There are basically three events where the average US citizen has a chance to get his family’s hands on a wide range of full-auto machine guns. One of them was last weekend at Oklahoma’s Full Auto Shoot and Trade Show.
The other two such opportunities are the Knob Creek Machine Gun Shoot in Kentucky, and the Big Sandy Shoot in Arizona. At all three events you can shoot wantonly at kitchen appliances, old cars and exploding targets.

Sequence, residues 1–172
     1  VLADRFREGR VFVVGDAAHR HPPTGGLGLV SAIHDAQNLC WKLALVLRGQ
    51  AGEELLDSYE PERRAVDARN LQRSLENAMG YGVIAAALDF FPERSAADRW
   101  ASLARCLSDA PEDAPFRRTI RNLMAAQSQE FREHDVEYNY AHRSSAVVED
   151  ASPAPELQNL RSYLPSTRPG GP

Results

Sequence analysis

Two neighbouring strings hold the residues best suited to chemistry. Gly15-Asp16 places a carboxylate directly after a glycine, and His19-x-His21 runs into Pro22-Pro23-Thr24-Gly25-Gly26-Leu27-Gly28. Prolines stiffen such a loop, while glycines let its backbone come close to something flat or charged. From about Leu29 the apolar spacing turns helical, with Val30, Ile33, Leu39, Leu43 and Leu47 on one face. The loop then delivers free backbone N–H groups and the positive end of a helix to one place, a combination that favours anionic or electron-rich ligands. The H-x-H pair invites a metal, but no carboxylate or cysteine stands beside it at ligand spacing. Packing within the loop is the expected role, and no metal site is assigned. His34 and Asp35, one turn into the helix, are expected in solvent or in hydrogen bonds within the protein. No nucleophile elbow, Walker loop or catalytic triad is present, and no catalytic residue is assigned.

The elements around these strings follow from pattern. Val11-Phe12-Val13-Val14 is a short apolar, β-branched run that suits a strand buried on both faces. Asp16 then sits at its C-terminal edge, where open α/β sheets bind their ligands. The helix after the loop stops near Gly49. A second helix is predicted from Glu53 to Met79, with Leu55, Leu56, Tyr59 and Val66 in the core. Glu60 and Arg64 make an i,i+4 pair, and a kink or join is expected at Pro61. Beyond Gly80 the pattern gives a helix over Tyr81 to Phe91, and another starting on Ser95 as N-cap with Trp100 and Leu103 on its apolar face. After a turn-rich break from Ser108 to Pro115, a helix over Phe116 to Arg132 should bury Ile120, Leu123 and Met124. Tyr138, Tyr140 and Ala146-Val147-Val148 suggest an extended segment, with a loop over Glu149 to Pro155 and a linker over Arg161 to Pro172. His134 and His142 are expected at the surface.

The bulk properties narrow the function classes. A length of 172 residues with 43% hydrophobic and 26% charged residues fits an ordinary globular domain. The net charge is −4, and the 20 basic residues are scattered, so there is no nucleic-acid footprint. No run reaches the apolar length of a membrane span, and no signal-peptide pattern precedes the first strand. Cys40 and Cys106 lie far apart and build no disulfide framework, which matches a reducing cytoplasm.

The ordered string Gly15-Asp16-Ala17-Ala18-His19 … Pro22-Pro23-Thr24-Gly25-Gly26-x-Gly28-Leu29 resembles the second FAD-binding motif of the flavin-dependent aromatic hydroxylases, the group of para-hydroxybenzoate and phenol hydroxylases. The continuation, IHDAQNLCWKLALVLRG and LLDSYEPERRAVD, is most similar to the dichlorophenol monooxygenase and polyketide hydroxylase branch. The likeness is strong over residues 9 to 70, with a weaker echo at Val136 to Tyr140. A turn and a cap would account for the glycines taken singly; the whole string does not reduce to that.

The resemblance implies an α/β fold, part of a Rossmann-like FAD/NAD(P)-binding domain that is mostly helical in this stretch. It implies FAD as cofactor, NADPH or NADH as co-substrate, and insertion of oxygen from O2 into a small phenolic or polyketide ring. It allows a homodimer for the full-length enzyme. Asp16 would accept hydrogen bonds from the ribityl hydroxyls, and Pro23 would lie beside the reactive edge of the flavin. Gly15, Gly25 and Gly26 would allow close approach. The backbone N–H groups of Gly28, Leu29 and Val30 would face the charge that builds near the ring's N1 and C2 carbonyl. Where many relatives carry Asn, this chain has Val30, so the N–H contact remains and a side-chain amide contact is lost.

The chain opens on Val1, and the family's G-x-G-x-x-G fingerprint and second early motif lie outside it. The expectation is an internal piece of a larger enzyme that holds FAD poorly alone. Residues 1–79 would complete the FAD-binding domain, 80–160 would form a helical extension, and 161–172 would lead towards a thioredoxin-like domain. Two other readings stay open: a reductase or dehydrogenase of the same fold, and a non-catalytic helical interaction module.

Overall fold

Photojournalist Pete Mueller attended last week’s OFASTS in Wyandotte, Okla. And for someone with a camera, it’s a target-rich environment–between smoking barrels, nighttime muzzle-flashes, and the young and old alike with large weapons, the events lend themselves well to photography.
There’s surprisingly little controversy over the shoots. The negative headlines are few. Still, the abundance of guns is disturbing to the anti-gun crowd. But to photographer Muller, guns are an intrinsic part of American culture.
Our country’s love affair with guns, Muller told Wired magazine, “represents notions of freedom, individualism and valor and all of those things are tied to patriotism.”